Eating and Drinking in Detroit, Part 2
Culinary Hot Spots in Detroit, Day 2: Eat at Slows
Slows BarBQ in Detroit’s Corktown area opened six years ago, and it's been slammed ever since.
Case in point: you still can’t get a table within a few minutes of walking in the door. Arriving for lunch on a recent drizzling Sunday, I elbowed my way to a table in the back. Soon I was shouting out my order to the waitress and mulling over which of Slows BarBQ’s half-dozen hot sauces I’d try first. While it’s tough to snag a table, your patience will pay off once you sink your teeth into items like a side of Slows’ Mac 'n Cheese or a slab of baby-back ribs. You can start the meal with an appetizer like Niman Ranch brisket enchilada or split-pea and okra fritters, before easing into meatier entrées that serve as odes to America’s diverse food cultures, like St. Louis Spare Ribs or Texas Style Beef Brisket.
On the “lighter” side, a bowl of gumbo or a Charles Bronson salad (pit-smoked tomato vinaigrette drizzled over organic baby spinach, roasted red onion, smoked gouda and applewood bacon) can also be had.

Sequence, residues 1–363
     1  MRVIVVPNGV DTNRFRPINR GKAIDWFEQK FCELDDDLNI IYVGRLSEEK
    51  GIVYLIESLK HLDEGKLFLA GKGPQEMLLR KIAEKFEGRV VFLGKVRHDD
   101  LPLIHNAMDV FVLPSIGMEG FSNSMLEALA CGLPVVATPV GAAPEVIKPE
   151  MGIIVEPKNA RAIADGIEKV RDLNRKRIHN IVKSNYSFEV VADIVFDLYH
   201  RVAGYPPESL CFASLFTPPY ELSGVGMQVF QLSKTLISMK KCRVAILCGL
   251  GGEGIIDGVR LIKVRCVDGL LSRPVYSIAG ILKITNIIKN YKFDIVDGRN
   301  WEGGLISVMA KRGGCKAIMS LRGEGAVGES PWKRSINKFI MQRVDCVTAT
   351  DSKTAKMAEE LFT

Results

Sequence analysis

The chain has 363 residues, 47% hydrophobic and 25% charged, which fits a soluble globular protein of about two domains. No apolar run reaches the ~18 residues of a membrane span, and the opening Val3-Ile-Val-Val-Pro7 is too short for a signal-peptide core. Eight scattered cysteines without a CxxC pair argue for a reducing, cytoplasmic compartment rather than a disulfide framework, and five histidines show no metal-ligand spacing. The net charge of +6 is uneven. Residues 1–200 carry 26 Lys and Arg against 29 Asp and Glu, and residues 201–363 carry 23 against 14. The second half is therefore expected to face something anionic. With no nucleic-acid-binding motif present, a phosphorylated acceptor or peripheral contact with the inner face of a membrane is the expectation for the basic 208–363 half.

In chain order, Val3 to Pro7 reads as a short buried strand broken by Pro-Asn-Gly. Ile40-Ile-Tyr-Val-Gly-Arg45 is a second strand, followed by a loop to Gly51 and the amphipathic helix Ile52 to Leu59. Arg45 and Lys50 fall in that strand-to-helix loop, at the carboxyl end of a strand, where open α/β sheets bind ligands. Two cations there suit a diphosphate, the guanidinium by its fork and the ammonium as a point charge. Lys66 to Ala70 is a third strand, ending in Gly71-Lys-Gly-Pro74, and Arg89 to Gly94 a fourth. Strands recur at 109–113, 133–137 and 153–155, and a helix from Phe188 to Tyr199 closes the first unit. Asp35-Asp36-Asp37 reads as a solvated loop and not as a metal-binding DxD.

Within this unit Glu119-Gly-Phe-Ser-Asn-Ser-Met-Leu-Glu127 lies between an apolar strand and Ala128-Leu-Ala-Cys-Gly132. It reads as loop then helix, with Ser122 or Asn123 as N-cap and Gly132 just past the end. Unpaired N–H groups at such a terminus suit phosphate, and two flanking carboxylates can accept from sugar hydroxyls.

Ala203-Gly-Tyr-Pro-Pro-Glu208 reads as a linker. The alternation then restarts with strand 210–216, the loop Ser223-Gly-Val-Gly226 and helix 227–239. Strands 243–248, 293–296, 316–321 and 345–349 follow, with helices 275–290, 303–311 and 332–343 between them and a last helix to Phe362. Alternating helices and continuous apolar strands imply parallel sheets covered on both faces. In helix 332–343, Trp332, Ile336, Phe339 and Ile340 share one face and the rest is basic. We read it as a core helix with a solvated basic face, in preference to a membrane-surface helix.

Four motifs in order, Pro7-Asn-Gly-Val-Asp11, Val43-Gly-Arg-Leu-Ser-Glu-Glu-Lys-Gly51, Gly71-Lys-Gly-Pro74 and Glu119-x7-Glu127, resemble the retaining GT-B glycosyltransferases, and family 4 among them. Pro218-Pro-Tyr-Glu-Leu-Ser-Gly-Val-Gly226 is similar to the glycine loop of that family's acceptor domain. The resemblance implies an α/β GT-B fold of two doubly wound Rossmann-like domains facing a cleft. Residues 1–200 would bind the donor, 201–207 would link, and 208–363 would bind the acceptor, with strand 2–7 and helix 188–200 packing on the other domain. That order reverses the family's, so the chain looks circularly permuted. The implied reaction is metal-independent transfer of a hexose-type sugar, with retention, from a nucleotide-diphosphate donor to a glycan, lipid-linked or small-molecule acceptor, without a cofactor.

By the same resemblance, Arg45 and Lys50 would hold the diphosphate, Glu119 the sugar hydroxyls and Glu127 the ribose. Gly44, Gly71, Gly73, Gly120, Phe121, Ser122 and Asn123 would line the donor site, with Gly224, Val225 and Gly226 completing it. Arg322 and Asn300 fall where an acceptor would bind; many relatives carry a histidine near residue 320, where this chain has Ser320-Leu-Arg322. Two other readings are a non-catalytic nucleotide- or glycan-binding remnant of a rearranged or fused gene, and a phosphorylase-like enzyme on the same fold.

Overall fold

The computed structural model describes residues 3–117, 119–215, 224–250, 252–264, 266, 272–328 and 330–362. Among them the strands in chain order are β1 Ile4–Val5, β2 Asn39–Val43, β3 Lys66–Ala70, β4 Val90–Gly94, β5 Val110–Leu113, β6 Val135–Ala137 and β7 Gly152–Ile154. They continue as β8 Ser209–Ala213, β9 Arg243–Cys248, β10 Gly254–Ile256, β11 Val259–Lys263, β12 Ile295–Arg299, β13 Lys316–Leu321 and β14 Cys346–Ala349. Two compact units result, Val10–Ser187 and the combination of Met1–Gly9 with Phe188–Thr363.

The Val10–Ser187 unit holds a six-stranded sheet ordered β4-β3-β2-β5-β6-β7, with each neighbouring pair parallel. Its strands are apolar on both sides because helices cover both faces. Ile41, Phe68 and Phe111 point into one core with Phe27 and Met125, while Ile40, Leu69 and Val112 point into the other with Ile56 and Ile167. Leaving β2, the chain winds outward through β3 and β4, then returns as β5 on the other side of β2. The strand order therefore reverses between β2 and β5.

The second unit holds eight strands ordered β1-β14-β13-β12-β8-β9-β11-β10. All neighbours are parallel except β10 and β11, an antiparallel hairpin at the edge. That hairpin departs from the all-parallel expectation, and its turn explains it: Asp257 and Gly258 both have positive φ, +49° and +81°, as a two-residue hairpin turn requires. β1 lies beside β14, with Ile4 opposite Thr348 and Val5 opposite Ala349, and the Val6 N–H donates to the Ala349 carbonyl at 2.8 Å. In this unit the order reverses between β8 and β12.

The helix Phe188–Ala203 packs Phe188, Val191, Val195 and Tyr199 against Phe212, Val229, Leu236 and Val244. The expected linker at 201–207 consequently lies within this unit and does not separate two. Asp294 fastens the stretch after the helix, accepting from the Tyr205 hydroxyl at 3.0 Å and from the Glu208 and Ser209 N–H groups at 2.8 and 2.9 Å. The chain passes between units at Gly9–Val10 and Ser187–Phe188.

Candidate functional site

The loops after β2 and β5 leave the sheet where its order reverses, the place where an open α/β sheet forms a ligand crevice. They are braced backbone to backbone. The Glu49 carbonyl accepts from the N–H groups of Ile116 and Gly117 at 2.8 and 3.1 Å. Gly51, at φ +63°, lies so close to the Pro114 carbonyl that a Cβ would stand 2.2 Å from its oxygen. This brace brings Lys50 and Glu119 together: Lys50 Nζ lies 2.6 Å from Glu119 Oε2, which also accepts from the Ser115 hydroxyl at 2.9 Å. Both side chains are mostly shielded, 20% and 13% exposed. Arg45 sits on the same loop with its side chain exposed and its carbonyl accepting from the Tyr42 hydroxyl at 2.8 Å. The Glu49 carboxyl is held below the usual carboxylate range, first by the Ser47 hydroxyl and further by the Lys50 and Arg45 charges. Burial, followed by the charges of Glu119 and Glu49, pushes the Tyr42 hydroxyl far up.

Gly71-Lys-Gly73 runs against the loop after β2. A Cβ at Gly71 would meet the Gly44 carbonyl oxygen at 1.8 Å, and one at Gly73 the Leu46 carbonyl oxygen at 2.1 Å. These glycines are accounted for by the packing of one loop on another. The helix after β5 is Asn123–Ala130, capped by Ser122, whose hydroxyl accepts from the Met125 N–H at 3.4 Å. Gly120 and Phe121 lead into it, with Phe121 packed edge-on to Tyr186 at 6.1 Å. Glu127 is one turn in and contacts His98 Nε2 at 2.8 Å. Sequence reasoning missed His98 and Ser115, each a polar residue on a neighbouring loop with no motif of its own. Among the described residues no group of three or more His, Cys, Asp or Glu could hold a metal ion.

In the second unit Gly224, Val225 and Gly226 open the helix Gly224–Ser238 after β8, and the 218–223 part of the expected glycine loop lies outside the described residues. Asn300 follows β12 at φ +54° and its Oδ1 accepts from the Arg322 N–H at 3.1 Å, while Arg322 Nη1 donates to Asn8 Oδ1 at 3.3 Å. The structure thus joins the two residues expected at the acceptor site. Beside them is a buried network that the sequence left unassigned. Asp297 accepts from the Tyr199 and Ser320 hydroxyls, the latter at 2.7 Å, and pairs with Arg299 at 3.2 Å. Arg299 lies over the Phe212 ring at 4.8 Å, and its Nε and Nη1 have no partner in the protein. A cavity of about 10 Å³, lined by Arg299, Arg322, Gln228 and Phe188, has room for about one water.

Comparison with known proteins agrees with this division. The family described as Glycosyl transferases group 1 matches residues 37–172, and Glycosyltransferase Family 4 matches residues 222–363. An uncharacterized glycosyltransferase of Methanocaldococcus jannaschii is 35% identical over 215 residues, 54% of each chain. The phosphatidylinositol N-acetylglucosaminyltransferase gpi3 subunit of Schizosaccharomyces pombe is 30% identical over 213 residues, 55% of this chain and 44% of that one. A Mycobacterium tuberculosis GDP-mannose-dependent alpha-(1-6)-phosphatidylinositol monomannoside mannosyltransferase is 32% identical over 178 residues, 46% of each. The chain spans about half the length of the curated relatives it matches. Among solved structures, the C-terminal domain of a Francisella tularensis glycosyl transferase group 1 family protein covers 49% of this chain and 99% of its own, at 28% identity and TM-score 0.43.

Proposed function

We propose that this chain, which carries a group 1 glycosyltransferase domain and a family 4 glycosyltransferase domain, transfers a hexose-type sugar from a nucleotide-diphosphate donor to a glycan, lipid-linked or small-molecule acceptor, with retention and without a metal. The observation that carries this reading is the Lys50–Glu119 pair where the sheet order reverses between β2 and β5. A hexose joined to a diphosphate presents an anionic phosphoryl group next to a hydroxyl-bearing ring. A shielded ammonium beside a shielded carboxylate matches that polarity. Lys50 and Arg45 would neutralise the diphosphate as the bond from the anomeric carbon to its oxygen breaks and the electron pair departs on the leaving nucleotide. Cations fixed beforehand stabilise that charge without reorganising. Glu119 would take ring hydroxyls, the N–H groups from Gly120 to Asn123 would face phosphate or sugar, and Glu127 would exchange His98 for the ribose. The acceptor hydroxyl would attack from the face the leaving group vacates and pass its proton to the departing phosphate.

Owned by a Detroit native who opened the BBQ-focused eatery after wrapping up a modeling career in Europe, this is BBQ at its best. If it’s a warm day, the patio becomes the perfect place to sip a cold beer. (On tap are many beers from local sources such as Bell’s Brewery, Jolly Pumpkin and Founders Brewing Company.) Yet Slows BarBQ is also a wine lover’s dream, with gems like a Crémant from Burgundy, France; and a Michigan Cream Sherry from St. Julian Winery in Paw Paw, Michigan (the eastern side of the state). 2138 Michigan Ave., Detroit, MI, 313-962-9828, slowsbbq.com